Everything Horse Magazine August 2021 Issue 44 - Page 36

Is your youngster

Ready to Ride ?

This month , Equine Behaviour expert , Loni Loftus MSc AABW , BSc ( Hons ), PgAEd , CCAB returns with an insightful piece on how to know when your youngster is ready to ride . Loni considers both physical and mental development of the equine so we , as horse owners , know what questions to ask and observations we can make to ascertain whether or not it ’ s the right time to back and ride our young horse .

Significant research into when horses may be physically prepared for working life has been undertaken ; however , their mental capacity for work is often less considered . In the human world , psychology is a massive aspect of athletic success . However , there is much less emphasis on this in the equine world .

Temperament , mood and arousal Many horses are selectively bred for physical type , discipline capabilities and temperament traits . However , the horse ' s psychological traits are significant components in task-orientated suitability and can have a huge effect on their behavioural responses and performance .
The horse ' s temperament ( psychological predisposition to certain behavioural traits in response to the environment or a challenge ) is influenced by genetic factors and early life experiences during the malleable young months of life . In addition to these relatively static traits , horses will have more transient moods ( which may be short or long term ) and emotional reactions to specific triggers based on prior positive and negative experiences . These moods or ' affective states ' are significantly altered by pain , changes in lifestyle ( environment ), handling and training .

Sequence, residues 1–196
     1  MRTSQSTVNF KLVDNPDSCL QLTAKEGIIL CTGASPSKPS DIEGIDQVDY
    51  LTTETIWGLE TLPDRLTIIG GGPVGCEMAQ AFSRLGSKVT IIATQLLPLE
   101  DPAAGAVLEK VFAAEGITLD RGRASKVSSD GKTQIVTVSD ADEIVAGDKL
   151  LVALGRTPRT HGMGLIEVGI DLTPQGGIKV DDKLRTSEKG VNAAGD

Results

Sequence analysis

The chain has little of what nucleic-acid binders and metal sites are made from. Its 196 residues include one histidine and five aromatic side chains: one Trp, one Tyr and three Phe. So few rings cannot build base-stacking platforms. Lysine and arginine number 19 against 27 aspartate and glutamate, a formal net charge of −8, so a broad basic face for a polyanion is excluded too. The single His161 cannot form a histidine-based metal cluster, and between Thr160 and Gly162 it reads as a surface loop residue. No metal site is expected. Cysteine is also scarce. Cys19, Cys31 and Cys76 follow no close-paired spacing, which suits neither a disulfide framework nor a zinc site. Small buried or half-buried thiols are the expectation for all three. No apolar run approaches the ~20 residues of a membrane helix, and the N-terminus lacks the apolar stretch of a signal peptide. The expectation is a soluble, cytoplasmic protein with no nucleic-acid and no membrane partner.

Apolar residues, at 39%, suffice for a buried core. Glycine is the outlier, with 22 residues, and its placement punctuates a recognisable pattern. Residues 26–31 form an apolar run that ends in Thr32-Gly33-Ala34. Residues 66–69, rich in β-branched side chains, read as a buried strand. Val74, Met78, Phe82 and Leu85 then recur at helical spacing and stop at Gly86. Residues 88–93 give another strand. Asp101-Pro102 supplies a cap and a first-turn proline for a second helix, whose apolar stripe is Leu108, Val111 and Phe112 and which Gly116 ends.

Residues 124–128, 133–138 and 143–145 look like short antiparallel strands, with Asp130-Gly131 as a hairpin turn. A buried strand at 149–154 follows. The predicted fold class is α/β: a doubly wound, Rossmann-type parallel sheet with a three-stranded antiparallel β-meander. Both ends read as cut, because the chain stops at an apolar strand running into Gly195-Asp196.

In addition to temperament and mood , we must also consider arousal in the horse . Arousal is part of a horse ' s psychological state , and when a horse becomes aroused , the sympathetic nervous system is activated .
This system is responsible for being alert , prepared and ready to flee or fight if required . Therefore , for most noncompetitive horses , we would look to see relatively low levels of arousal and high levels of positive valence ( see figure 1 ).
However , for competing horses , we expect to see higher arousal levels to enable optimal performance ( for those interested in the science , the currently accepted theory is the Yerkes-Dodson law or ' inverted " U " theory ' where both under and over-arousal negatively impact on performance ). Optimal arousal varies markedly between individuals and the specific task required ; for example , the level of arousal needed for a dressage horse is very different to that of a flat racehorse .
Maturity Young horses mature at different rates and will have different arousal levels according to their breeding , upbringing , weaning experience , maturity levels and general wellbeing . Consider this similar to the stages of equine physical development ( table 1 ).
Preparing the horse for working life To help prepare the young horse for working life , there are several things that we can do : Consider your horse ' s type , breeding and temperament in relation to what she would be best at doing . Some horses excel in competitive environments , while for others , it makes them anxious and unable to cope . Some horses are bred for speed or stamina or jumping ability , so try and match your horses ' genetics to his job where practicable .